|"The Future is Today," CIC Assistant Director
Stefanie Martin tells her English
242: Reading Fiction class. She cites literary and cultural
theorist Frederic Jameson: “[i]t is safest to grasp the concept
of the postmodern as an attempt to think the present historically
in an age that has forgotten how to think historically in the first
place.” In other words, as Stefanie summarizes for her class,
the present is never present to itself. In this course, Stefanie
asked her students to approach science fiction as a means to defamiliarizes
and re-image the present as a point within a socially produced
and constantly changing and changeable history.
Among Stefanie’s many insights into the genre, she asks students to consider why a critical mass of cyberpunk writers turned to Victorian metaphors and imagery in order to elaborate their visions of the future. Students were also asked to analyze how time travel functions in stories about social dissonance and/or war and to consider the relationships among citizenship, war, and military service. The course also addressed recent advances in hematology and genetics, considering the cellular networks of the body as an information processing, reproduction, and communication system. Through these examinations, students were encouraged to develop a set of tools for analyzing fictional texts in light of the conversation the texts construct with their present and historicity.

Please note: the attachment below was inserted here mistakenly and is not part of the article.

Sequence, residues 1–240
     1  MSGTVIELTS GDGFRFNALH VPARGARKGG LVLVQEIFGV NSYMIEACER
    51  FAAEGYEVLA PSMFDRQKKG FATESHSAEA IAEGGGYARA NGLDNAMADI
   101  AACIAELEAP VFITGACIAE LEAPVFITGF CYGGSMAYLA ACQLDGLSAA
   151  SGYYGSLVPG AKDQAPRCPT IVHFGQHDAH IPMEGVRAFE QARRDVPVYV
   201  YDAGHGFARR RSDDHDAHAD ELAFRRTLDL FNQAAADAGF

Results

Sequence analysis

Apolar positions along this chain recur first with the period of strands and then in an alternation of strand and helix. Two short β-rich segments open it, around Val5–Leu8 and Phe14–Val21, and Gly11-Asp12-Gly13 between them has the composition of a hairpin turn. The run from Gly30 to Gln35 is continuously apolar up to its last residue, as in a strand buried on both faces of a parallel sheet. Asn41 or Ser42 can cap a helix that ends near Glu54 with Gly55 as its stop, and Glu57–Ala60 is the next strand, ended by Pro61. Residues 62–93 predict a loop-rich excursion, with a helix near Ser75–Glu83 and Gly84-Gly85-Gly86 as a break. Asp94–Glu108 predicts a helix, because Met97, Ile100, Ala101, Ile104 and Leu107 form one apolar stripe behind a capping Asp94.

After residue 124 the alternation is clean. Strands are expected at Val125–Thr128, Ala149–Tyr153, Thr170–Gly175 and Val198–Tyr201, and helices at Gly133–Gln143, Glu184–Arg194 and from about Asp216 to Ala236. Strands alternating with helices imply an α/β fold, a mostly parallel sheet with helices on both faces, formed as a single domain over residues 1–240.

Stefanie used her course web site, particularly the schedule page, to provide downloadable versions of course materials and links to background materials on each course author. She also used E-Post discussion spaces to encourage students to answer key questions about course texts.